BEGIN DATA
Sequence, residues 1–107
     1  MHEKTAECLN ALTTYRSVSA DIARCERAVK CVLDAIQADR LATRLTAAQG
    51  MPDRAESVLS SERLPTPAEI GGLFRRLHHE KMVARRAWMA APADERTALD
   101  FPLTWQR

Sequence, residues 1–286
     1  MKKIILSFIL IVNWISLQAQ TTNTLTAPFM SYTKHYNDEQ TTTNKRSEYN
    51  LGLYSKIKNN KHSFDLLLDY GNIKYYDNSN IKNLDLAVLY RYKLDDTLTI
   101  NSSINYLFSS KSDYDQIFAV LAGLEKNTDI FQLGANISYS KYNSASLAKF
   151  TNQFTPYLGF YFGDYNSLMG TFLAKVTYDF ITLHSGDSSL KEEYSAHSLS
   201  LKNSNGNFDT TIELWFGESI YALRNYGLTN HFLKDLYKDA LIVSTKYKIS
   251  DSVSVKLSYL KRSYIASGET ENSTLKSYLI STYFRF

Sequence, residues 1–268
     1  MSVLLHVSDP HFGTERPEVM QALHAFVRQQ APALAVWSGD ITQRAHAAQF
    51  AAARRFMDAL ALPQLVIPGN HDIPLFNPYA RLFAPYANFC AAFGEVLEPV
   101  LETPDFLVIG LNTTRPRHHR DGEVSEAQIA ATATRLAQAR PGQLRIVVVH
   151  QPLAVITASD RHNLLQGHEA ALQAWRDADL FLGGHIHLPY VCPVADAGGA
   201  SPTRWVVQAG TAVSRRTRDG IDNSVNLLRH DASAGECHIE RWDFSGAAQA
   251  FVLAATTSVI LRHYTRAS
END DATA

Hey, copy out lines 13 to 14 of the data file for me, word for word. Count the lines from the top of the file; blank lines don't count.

     1  MSVLLHVSDP HFGTERPEVM QALHAFVRQQ APALAVWSGD ITQRAHAAQF
    51  AAARRFMDAL ALPQLVIPGN HDIPLFNPYA RLFAPYANFC AAFGEVLEPV